Though the warped radio station door stuck to the jamb when I pulled it open, just inside, unseen machinery hummed productively. Unseen, because thin smoke drifted along the floor, curling around my shoes. I reopened the door, letting the strong breeze outside push it wide.
A distorted voice, as if piped through a ham radio, echoed from within the smoke. “Qpn-zee? Is that you?”
Ah. Wrong number. “No,” I called back. “But I got your signal.”
Eyes watering, I pulled my shirt up over my nose and stepped deeper into the station. The vague outline of a room opened out into a single, circular control booth, lit with the ambient glow of a constellation of buttons. Through the haze, I just made out a person seated at the widest control panel, twisted around to face me, one eye glowing.
Through the muffling fabric of my shirt, I said, “What’s on fire?” But as I moved closer, I could see the way the smoke rolled out from beneath the control panel. How the person did not move away from the danger, because their entire lower half trailed away in a thick tangle of wires to various locations around the booth.
This was a bot, hardwired into the station itself.
“One of my processors overheated,” the bot explained. “I am Static. Designation?”
“From trying to call Qpn-zee?” I asked.
“Designation?” it repeated.
I shrugged a little, never sure how to introduce myself. “I’m called the Wanderer.”
“Yeah, and I’m called the Operator,” said Static. It adjusted a knob and a whine I hadn’t noticed diminished. “Your real name?”
My mouth opened and closed. “I… don’t know.” I had never known.
Static narrowed its single eye at me. “You’re that Wanderer, then.”
I spread my hands, my shirt sliding off my nose. “That’s who you reached. Can we do something about this smoke?”
Static faced forward again, laughing a hard little laugh. “I didn’t ask you to help me. Only one person can do that.”
Stepping around an exposed pile of wires, I sidled toward the wall. “Qpn-zee?” I said. “Your signal got pretty far. Could be they’re just behind me.” I had noticed a window here covered with duct tape. Vinyl crinkled beneath my searching fingertips.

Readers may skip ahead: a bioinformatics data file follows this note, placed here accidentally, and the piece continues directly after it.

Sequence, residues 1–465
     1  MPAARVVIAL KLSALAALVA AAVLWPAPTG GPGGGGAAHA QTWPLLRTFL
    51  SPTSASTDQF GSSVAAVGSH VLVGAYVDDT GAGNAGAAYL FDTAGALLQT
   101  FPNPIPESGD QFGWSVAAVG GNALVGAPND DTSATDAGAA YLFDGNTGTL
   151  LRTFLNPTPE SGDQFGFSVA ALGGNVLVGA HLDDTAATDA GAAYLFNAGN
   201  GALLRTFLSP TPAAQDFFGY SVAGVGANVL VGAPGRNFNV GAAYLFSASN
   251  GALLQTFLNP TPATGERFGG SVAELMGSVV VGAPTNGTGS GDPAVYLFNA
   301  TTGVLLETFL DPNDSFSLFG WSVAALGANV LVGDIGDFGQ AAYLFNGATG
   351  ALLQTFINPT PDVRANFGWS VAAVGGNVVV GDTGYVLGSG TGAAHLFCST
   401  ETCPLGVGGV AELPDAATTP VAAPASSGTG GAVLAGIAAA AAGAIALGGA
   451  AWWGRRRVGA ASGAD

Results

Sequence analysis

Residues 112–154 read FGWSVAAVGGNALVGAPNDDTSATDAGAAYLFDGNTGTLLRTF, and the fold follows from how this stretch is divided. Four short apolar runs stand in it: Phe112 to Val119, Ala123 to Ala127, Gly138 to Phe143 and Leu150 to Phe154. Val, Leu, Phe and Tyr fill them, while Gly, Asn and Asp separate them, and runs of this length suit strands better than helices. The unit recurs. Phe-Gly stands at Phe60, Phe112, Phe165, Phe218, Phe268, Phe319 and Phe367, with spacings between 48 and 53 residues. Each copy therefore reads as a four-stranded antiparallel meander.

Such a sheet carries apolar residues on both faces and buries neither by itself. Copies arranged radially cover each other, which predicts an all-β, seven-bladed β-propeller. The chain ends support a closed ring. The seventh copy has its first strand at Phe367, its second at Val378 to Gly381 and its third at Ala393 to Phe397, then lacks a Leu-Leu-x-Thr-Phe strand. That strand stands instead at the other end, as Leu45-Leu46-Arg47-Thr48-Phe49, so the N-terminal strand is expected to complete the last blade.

“How did you even hear me?” Static asked. It cut its gaze toward me just as I popped the window latch. “Hey, what are you-!”
I pushed the window outward and a gust blew in, stirring dust and smoke alike. Sunlight flooded the control booth, glinting off Static’s brushed metal face. It looked surprised at the fact of daylight.
I leaned my hip against the windowsill. “I don’t know much about digital machinery,” I explained, “but I do know you have to keep it cool. Can’t do that with everything boarded up.”
“I couldn’t-” Static started. “After Qpn-zee left, I… I couldn’t do that.”
Dusting my hands, I said, “I know I can’t help you, like you said. But if I meet Qpn-zee in my wanderings, I’ll send them out here.” I picked my way back to the hallway. On my way, I paused to face Static. “In your broadcast… it sounds like you miss them.”
Static looked flabbergasted. At what I had done or the fact of me, I couldn’t tell. Then it sort of smiled with its one eye. “Yeah. I do.”
As I stepped outside, its ham radio voice called out. “Hey! What am I supposed to do if it rains?!”
I raised an arm, waving behind me. “I’d say this place could use a little moss.”
Thanks for reading!
Featuring an exclusive Hopeful Wanderer short-story!
For over 100 years, Texas High Plains Writers has been a part of great storytelling in Texas and beyond.
This year, our anthology offers a collection of short-stories, memoirs, inspirational essays, and poetry filled with hope.
With 22 talented authors, from best-sellers to the first time in print, there is something for everyone.
Great heroes of legends past sit side by side in these pages with the unsung citizens showing kindness to strangers. Humor, adventure, and nostalgia combine to remind us all that hope can be found anywhere.
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